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View from Chimney Tops, Smoky Mountains

Ever have one of those days when you question eveything you're doing as though it might not be right? You wonder if you're really making progress or just coasting along a path that seems to have its own direction?

Well I just had one of those days recently and it was not a pleasant experience. To be honest, I have those days more often than I care to admit. I've had them all of my life. I've always assumed that those feelings were just the result of pursuing a creative life, whether as a musician or photographer. When you define your own parameters for how you're going to measure success, there's going to be pushback – from society, family, friends, and your own fear.

I hear people talk about a safety net. I've never had one. At least not in the traditional sense. My idea of a safety net was my resolve to do whatever it took to get me to the next gig, or assignment, or rent/mortgage payment. To me that was much more reliable than a promise from an employer that I was secure. Because I was responsible for my own security, I took it upon myself to make sure I was prepared for any situation. Learning as much as I could about photography, the business, the pitfalls, and never standing still. Pushing forward, climbing up the mountain even as it seems to get steeper.

If a new technology comes along, I learn it. If a new way to market my work comes along, I find out how I can take advantage of it. And most of all, if I have an opportunity to do something that seems out of reach, I take a leap of faith.

I've worried about the same things for 20 years. But as my wife likes to point out so calmly, I'm still here doing what I love.

Don't let the bad days become a problem. The fear is usually not real, and it certainly isn't insurmountable. Some days it just feels like it is. It's time for a good day, and I'm ready, are you?

 

RR Jr

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This Post Has 9 Comments
  1. Excellent post. I like how you often take the gloves and masks off and are very frank about what you are thinking and experiencing. It is true, we all go through those days, especially in this competitive art. You’re right about the fear though. Most of the time it’s just imagination working in the negative. If we can let it go, then we have less chance that the potential negative outcomes will become real.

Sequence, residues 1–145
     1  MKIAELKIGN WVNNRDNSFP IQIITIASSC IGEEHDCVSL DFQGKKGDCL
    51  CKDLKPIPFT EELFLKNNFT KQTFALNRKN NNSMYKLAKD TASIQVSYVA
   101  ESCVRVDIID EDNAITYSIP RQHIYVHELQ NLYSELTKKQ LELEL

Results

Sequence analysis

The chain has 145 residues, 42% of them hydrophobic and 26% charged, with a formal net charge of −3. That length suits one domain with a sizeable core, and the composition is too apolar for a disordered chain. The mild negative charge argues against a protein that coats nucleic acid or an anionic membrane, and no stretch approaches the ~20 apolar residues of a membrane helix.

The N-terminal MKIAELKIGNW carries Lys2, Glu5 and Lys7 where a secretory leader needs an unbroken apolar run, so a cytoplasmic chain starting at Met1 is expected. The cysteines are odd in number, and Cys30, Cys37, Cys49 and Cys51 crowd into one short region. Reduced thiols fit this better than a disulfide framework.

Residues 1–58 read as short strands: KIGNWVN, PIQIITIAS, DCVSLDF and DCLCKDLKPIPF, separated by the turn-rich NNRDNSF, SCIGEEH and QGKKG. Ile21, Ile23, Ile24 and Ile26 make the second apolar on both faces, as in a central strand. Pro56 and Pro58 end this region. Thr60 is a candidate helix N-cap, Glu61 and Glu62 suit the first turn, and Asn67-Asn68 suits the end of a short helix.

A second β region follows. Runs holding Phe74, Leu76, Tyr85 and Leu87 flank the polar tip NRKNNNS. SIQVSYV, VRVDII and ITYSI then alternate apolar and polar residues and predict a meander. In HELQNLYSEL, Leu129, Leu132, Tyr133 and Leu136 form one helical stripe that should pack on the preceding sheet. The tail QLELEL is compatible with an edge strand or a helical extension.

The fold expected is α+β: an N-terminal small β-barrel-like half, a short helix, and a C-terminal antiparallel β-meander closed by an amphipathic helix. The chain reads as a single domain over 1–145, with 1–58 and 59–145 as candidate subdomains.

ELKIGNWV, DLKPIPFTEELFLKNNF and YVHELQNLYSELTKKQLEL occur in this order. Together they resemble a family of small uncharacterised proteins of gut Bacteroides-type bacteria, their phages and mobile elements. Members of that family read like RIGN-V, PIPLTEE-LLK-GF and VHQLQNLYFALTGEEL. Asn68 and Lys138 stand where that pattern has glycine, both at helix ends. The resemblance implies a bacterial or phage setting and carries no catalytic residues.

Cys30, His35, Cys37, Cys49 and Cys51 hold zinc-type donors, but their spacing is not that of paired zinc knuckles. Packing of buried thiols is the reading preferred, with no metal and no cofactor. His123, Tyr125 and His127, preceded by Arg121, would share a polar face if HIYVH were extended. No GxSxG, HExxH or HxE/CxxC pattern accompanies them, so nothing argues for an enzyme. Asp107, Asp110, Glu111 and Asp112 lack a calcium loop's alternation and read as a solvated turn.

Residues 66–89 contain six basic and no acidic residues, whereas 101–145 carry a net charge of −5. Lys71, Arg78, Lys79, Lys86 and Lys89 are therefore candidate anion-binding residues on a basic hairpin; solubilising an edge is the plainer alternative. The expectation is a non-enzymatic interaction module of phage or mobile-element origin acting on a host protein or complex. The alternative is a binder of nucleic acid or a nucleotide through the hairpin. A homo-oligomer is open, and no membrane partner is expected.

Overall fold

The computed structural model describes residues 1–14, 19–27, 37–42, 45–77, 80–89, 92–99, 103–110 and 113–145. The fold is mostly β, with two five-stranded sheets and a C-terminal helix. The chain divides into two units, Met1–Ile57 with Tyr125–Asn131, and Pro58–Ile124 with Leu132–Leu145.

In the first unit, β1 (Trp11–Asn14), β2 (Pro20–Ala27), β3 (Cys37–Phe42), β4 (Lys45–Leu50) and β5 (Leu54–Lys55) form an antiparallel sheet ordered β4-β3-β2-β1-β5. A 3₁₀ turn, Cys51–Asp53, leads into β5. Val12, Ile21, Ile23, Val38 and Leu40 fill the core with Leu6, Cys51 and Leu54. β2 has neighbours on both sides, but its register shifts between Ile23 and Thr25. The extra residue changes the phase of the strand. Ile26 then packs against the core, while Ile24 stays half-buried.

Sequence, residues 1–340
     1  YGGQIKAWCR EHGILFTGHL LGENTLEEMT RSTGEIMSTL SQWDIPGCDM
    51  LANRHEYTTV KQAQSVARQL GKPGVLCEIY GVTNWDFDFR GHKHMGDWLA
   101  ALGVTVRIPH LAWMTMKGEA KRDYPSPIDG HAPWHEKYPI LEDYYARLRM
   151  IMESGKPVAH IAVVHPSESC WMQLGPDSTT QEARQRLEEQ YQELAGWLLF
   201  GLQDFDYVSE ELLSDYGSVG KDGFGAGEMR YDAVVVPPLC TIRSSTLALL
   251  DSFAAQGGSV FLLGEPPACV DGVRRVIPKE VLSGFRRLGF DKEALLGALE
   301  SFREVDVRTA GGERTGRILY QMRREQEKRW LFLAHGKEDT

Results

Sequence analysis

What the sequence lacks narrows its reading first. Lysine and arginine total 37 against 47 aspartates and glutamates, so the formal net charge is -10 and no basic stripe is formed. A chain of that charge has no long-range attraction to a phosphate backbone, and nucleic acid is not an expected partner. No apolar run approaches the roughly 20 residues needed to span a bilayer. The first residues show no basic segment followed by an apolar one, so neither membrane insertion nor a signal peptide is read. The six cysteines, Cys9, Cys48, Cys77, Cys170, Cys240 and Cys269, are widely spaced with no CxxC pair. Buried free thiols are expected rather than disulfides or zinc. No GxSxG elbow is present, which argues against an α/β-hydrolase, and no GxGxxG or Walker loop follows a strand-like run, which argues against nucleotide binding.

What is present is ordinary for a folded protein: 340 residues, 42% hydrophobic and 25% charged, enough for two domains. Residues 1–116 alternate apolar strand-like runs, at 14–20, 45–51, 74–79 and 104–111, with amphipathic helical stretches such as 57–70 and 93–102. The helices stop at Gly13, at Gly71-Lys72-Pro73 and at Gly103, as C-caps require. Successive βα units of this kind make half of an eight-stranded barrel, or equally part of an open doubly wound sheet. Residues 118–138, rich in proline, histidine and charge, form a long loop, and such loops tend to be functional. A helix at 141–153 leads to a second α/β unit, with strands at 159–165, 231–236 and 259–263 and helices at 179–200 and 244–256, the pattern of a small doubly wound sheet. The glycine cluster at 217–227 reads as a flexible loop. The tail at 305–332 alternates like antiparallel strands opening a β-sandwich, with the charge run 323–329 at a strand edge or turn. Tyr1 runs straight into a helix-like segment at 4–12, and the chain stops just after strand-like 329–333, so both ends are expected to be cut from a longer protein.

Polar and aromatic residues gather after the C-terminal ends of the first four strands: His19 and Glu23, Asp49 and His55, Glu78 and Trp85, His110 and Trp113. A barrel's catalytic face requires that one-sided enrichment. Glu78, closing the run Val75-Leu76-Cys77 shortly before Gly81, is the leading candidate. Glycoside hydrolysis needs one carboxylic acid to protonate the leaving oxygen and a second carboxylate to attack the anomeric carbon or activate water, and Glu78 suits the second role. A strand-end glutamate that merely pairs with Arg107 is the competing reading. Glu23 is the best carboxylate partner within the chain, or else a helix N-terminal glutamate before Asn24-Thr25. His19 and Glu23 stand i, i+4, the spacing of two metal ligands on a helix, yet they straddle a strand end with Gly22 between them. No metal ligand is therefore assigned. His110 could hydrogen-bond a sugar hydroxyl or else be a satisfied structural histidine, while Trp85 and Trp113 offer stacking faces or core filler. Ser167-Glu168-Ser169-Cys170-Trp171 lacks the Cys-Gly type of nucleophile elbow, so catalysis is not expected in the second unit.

1. Hi David – thanks so much for the thoughtful comments and feedback. I’d fill a book with my struggles and bad experiences, but ultimately that is what makes photographing nature so special and unique – it brings a perspective I have not found any where else in life. And that helps with letting go of the fear as well. I also believe mindfulness and meditation are powerful tools in this regard, but that’s for another post I’m working on. Thanks again!

      RR

  2. I have experienced those same feelings and sometimes for weeks on end thinking that Im never going to move past mediocrity. In time however, I begin to pull myself out of my slump and look for ways to re-invent my creative thinking skills. I appreciate your willingness to share those difficult times in your life as it helps me realize that Im not alone in my thoughts.

    1. Thanks Tom for the candid comments – yes I have been there and know the feeling well. The important thing is to stay motivated, positive, and not dwell on the past. Tomorrow brings more opportunities and we can only affect the present moment. Realizing that you have choices and possibilities is a win, the rest is just negative thoughts.

      RR

  3. With the pure beauty of the photos you take …. you would never think you ever have bad days 🙂 I absolutely love your work. It always makes for a better, brighter day for myself. Thank you

    1. Hi Helen – thanks so much for the feedback and for taking the time to read the blog. We’re all struggling through life, I suppose it’s just a matter of our perspective. Yes I often think I’m crazy to think I can have this type of career, but the opportunity to experience just one more sunrise keeps me positive and focused. When I can share that with others and brighten their day as you describe, it makes those bad days MUCH easier. thanks again.

      RR

  4. Robert – Alone in quiet contemplation awaiting the “light” many thoughts flow through the mind. It is a blessing and a curse to be listen. The image, that darn car, this cold rock, a new location, mortgage payment, fog on the water, am I a good father? husband? brother? son?, how should I…, what did ….. mean. It’s the quiet that brings fears, unknowns, challenges, questions and yes – answers. The absence of fear is a potential problem, for one doesn’t question, contemplate, puzzle, or even wonder. Embrace fear, welcome and thank it for helping you see, become stronger, wiser and open. We see your images through our lens’. I gave the gift of your Breakneck Mountain to my sister who stood in tears. Yes, it was beautiful, but her tears were of joy for having remembered a hike with her children and husband and the lovely day she spent there so many years before. This I did not know when I chose it, or should I say it chose me. Thank you for your eye, your talent, your love and your fears.
    Amanda

    1. Thanks for the beautiful and eloquent words Amanda – and yes fear is not to be ignored, but seen for what is is, and usually it is not based on reality. When it is, then it is wise to listen. I continue to struggle with the distinction, but it gets easier with time, and my work as well as my life benefit from it. Thanks again for the support.

      RR

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